Minneapolis — Best Buy CEO Brad Anderson called the company’s decision to accelerate its conversion to the customer centricity model “a major milestone,” and the company will phase out mail in rebates due to customer dissatisfaction.
“We’ve reached a tipping point, and there’s no turning back,” he said.
This year’s expansion will focus on the premium customer segment, or “Barry” stores, which is one of five customer profiles that Best Buy has targeted. Those store types, which feature Magnolia Audio Video home theater shops, will be “aggressively expanded,” according to John Walden, executive VP of the recently formed customer business group.
Best Buy Increase Q4 Operating Income
Walden did not elaborate on the Magnolia expansion, but retail analyst Dan Wewer of CIBC World Markets believes that Best Buy will bring the concept to eight markets and as many as 120 stores outside of its initial California test area. Based on a survey of Best Buy want ads for “Magnolia Home Theater” custom installers on Web site www.jobs.com, Wewer believes those markets will include Boston; Denver; Las Vegas; Minneapolis; New York; Phoenix; Nashua, N.H.; and Washington, in addition to Los Angeles, San Jose, Irvine and Westminster in California.
That scenario places the Magnolia-enhanced Best Buy stores on the home turf of key PRO Group dealers Tweeter (Boston), Ultimate Electronics (Denver) and MyerEmco (Washington).
Similarly, industry consultant and former Tweeter exec Noah Herschman pegged the Magnolia rollout at 100 stores over 18 months during a panel discussion at last month’s Home Entertainment Source Summit in Dallas.
Retail president Brian Dunn acknowledged during the conference call that the company will bring its custom installation services in-house this summer, while expanding the ranks and awareness of Geek Squad, which will begin to aggressively target small businesses.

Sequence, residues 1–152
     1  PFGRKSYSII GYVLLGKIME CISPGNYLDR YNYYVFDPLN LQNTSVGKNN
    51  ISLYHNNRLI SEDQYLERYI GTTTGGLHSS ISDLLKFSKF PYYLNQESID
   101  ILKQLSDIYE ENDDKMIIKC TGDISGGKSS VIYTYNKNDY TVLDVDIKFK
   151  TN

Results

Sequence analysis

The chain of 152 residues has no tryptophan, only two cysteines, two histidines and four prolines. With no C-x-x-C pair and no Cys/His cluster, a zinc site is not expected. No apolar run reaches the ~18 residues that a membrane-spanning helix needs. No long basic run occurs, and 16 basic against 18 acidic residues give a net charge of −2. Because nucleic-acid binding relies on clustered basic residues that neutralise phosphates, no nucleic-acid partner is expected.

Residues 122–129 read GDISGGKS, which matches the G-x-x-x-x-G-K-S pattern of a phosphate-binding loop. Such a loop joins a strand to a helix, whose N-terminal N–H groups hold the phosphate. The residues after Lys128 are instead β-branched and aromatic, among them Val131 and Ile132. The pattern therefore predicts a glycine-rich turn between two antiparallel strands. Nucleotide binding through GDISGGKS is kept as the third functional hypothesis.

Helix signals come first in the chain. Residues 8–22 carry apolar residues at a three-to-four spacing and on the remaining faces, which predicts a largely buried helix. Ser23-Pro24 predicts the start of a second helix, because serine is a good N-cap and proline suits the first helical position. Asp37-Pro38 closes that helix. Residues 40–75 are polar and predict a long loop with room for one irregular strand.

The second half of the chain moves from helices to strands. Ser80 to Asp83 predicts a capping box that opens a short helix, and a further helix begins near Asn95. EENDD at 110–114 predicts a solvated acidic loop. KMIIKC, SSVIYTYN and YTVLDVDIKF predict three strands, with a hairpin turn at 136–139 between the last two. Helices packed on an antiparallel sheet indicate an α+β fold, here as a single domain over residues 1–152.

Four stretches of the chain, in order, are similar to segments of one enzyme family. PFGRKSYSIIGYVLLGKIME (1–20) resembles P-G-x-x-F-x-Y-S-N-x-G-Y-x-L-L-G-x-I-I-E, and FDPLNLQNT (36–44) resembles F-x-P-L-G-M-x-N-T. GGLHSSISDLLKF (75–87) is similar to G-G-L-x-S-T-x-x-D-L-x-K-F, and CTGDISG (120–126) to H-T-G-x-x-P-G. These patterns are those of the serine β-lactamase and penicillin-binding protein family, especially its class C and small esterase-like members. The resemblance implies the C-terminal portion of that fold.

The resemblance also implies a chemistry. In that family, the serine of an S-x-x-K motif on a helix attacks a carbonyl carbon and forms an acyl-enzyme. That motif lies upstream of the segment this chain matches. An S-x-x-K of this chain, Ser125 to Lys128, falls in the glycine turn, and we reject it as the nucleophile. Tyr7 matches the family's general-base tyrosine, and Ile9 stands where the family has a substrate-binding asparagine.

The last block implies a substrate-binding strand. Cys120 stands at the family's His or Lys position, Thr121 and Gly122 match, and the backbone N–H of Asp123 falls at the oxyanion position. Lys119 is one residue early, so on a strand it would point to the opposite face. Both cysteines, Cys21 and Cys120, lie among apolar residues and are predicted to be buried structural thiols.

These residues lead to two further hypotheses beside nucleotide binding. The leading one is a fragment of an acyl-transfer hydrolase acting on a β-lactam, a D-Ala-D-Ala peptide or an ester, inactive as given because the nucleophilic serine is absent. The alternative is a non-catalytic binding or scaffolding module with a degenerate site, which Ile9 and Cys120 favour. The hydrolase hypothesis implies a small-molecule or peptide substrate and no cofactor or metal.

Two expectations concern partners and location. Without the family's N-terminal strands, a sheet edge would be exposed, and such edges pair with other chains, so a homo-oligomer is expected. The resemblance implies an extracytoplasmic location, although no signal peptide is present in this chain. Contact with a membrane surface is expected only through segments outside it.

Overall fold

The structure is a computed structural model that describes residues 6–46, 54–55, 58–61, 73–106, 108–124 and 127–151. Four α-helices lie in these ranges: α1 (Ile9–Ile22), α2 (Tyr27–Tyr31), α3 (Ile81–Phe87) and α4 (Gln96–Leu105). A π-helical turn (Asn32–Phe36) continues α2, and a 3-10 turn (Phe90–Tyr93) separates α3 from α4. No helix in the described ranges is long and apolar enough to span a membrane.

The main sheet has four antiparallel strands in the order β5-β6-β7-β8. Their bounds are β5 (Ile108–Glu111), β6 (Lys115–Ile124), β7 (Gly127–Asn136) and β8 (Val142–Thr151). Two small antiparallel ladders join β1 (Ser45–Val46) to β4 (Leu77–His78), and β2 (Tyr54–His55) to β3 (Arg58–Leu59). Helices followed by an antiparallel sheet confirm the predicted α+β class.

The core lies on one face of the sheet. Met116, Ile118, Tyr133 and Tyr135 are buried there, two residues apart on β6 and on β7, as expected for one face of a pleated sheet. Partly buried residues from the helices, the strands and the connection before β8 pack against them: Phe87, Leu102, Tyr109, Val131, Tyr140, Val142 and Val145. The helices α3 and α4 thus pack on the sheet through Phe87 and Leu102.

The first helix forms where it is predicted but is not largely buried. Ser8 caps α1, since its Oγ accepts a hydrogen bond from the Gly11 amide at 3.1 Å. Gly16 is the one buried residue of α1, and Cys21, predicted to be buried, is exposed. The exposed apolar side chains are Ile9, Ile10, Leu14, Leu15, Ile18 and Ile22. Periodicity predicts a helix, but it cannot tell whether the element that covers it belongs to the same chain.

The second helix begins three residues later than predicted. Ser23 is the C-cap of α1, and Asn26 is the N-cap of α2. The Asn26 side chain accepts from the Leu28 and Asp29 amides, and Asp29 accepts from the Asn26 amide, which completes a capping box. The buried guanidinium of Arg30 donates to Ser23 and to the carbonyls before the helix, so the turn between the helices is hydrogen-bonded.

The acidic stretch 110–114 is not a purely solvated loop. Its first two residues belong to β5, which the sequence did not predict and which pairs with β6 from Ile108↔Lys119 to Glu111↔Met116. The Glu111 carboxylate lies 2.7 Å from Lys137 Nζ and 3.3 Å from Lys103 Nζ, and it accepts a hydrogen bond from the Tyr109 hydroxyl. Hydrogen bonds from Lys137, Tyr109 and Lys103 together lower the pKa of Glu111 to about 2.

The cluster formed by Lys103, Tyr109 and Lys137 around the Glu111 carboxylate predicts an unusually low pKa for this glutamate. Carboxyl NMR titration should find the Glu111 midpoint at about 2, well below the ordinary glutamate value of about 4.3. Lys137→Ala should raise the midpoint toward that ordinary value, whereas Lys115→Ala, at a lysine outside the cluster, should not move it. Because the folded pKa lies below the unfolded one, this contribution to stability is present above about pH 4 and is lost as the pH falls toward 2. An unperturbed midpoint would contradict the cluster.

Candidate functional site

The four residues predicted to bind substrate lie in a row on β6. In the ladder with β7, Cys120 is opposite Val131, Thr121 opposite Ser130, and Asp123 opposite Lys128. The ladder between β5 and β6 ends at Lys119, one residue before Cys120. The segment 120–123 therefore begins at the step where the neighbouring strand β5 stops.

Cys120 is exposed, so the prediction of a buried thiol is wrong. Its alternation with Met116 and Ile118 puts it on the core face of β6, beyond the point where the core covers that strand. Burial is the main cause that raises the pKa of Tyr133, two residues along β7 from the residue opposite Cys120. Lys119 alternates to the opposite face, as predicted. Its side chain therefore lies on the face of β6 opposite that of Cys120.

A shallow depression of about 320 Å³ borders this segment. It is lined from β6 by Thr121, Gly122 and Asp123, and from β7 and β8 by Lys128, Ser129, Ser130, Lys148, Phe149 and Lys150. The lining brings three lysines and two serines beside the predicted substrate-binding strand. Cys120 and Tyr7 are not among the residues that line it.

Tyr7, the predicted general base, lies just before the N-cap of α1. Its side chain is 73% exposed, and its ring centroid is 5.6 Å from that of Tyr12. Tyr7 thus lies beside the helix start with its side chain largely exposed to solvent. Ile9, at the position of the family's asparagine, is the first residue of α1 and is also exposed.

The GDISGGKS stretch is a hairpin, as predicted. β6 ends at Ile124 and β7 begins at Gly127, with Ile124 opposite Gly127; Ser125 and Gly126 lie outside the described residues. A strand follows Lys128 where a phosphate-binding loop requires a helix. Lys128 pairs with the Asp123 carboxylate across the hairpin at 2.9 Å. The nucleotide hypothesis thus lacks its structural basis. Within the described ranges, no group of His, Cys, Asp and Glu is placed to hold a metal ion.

To support the company’s customer centricity strategy, Best Buy is overhauling its global supply chain and technology infrastructure. The retailer is basing its supply chain model on European food retailing giant Tesco, which it described as “best of breed.” The three-year revamp will include price optimization, supplier integration and RFID tags, and will also allow for tailored market assortments, said chief information officer Bob Willett.
Best Buy has also created an “alliance” with 11 core vendors to eliminate waste from the supply chain and increase speed to market, Willett said.
On the IT side, the company has invested $200 million in infrastructure, including a new point-of-sale system that provides more precise customer data and analytics.
Another focus will be on higher employee retention, which the company hopes to achieve by providing workers with more opportunities, a wider variety of better paying jobs and “a more interesting place to work,” Walden said, without returning to a commissioned structure.
On the product front, general merchandise manager Ron Boire said that Best Buy is planning “a major upgrade” of the center of its stores, where entertainment software is sold. The retrofits will make the sales floors more flexible and allow for quick changes as new gaming software and high-definition DVDs are introduced.
Regarding the latter, Boire reiterated Best Buy’s wish for a unified high-definition format. “Our customers don’t want to be guinea pigs in a format war,” he said.
Boire also announced that Best Buy will phase out mail-in rebates over the next two years, due to, he said, customers’ disdain for the process. But the move also follows a recent decision by the Federal Trade Commission that makes retailers accountable for all rebate fulfillment — even for vendor-sponsored programs — and which cost CompUSA several hundred thousand dollars in make-good payments.
Looking ahead, Boire said the rate of decline in flat panel pricing will accelerate this year, with average selling prices (ASPs) expected to fall another 25 percent to 35 percent. But the lower ASPs will make the TVs more affordable for more consumers, and Best Buy will compensate for their compressed margins by selling more sets and attaching more products and services to the transactions.
“It’s our sweet spot,” he said. “We’ve prepared for it well.”